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The Edies After ‘Grey Gardens’


(L–R) Little Edie and Big Edie in "Grey Gardens"

The Beales of Grey Gardens have been the subject of two cult documentaries, an HBO film, countless op-eds, and even Grey Gardens—The Musical (which plays the Ahmanson Theatre through August 14, 2016). Images of the two famous (and fabulous) hermits from the 1975 documentary are so beloved that they have inspired everything from fashion designers to Hollywood parodies. But while images of these “staunch” characters lounging amid the squalor of their crumbling home may be iconic, they represent only a small portion of their eccentric lives.

The documentary (and the footage that became a sequel) was shot by the Maysles brothers over just five weeks in 1973. In the next two years, the Beales continued to go about their lives—retreating in Miltonian solitude from the goings-on of the outside world. After the documentary’s release in 1975, the two Edies found themselves thrust into the public eye. In the wake of the film’s success, they became the unwitting subjects of an ongoing debate about exploitation surrounding the film. While they may have only received a paltry $5,000 for their involvement in the Maysles' documentary, the two Beale women did remain friendly with the filmmakers for the rest of their lives. In fact, Big Edie even told an interviewer at the time, [The film is] the greatest thing that ever happened to me in my old age. You know, I'll be 81 in October. Nobody else wanted to take my picture. I'm thrilled.

In July 1976, Big Edie suffered a terrible fall, which would prove the beginning of a swift and brutal decline. In December, the furnace at Grey Gardens malfunctioned, leaving the aged mansion (and its occupants) unprotected from the harsh New York winter. Weakened, Big Edie contracted a case of pneumonia, which would take her life just two months later. Ironically, she died away from the home that had become her world. In February 1977, Edith Ewing Bouvier Beale passed away in the Local South Hampton hospital, leaving her daughter to return to the crumbling mansion alone.

Anyone who has seen the documentary is well aware of Little Edie’s stage ambitions. As a young woman, she spent five years (1947–1952) living in New York City while she pursued a career in show business.

About a year after her mother’s death Edie got another chance at stardom. In 1978, she returned to New York City as the star in her very own cabaret show at the Reno Sweeney nightclub in Greenwich Village. At the time, she reportedly told her nephew, This is something I’ve been planning since I was 19 years old. I’m just going to have a ball.

Unfortunately, the critics were less than excited about the event. According to the same nephew, they “thought the whole idea of this 60-ish woman, dressed in her homemade version of cabaret clothes, singing and dancing, and bantering was—in a sense—outlandish.”

But according to a People account of the event, Edie’s audience loved her.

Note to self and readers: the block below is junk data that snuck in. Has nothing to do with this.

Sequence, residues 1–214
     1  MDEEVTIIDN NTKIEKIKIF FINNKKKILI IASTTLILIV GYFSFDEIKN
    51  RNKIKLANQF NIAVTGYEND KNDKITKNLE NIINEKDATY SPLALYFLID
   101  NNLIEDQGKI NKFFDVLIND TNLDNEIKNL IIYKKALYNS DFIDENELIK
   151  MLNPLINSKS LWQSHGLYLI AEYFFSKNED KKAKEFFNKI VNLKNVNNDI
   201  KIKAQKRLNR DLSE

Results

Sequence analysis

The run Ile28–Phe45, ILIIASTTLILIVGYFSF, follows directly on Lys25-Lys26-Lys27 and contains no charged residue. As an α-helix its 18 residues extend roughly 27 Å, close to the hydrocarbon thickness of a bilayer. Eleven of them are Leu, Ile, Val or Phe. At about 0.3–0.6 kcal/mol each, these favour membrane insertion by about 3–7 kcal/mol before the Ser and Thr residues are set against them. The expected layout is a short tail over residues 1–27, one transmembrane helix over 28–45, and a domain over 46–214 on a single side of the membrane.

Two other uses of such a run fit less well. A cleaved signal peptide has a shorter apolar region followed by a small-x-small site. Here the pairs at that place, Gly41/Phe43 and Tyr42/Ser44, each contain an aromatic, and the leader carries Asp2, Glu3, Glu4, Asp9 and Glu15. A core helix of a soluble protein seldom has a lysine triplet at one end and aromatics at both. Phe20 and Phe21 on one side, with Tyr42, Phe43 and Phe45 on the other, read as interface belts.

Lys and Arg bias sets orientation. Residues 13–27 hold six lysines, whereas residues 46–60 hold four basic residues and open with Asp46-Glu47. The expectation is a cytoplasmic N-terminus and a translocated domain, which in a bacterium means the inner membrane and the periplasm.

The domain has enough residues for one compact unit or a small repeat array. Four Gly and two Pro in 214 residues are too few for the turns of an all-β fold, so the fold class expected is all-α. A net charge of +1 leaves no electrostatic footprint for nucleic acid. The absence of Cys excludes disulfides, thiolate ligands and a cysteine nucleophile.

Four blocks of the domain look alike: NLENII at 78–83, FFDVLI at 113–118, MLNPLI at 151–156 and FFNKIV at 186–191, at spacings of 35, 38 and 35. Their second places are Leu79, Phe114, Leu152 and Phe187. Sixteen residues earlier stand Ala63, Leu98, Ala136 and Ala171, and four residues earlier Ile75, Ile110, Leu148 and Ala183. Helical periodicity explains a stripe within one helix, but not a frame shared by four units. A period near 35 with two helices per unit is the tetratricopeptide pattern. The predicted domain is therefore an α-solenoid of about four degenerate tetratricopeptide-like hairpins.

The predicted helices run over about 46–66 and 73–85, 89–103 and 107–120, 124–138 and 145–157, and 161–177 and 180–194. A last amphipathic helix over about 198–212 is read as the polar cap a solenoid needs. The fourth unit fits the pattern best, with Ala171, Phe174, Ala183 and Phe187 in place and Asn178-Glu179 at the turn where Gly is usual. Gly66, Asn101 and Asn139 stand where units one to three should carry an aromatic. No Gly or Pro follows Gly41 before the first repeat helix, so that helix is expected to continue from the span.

The crowd—many of them gay—cheered as she vamped uncertainly through 'Tea for Two,' 'As Time Goes By,' and two songs she wrote herself. She padded her act to a half hour by answering written questions from the audience (What do you think of television? 'It's wonderful for national emergencies!')

After a 10-performance limited engagement, the show ended as many such engagements do—with a limp and a whimper. One year later, Edie famously sold Grey Gardens to Sally Quinn and Ben Bradlee for $200,000. After the sale, she hopped around the continent, living in Miami Beach, Oakland, and Canada. Photos taken during that time show the smiling ex-socialite lounging on leather furniture, posing with family members, and—generally—enjoying her life. By all accounts, Edie returned to the world of wealth and pomp with the grace and poise that had always resided beneath the patina of her circumstance.

After bouncing around between relations for some years, Edie eventually resettled in Bal Harbour, Florida to live her autumn years out in quiet seclusion. There, according to a local resident, she frequented the local Bal Harbour shops where she was often mistaken for a statue because she used to sit in one of the atrium’s benches very still, very theatrically, and didn’t speak or move for hours. Sometimes, she would hold a script or a letter in mid-air, and would stare at it through her dark glasses without even varying her position.

When Edie wasn’t re-enacting the Pageant of the Masters, she reportedly spent her time in the ocean, swimming nearly every day in the warm Gulf Coast sun. She continued to do interviews over the phone and to speak with her fans. She even occasionally called Albert Maysles to chat about the past, Grey Gardens, and the 2000 presidential election. She died in 2002 of natural causes. According to her obituary in The New York Times, “She had not owned a cat in five years.”

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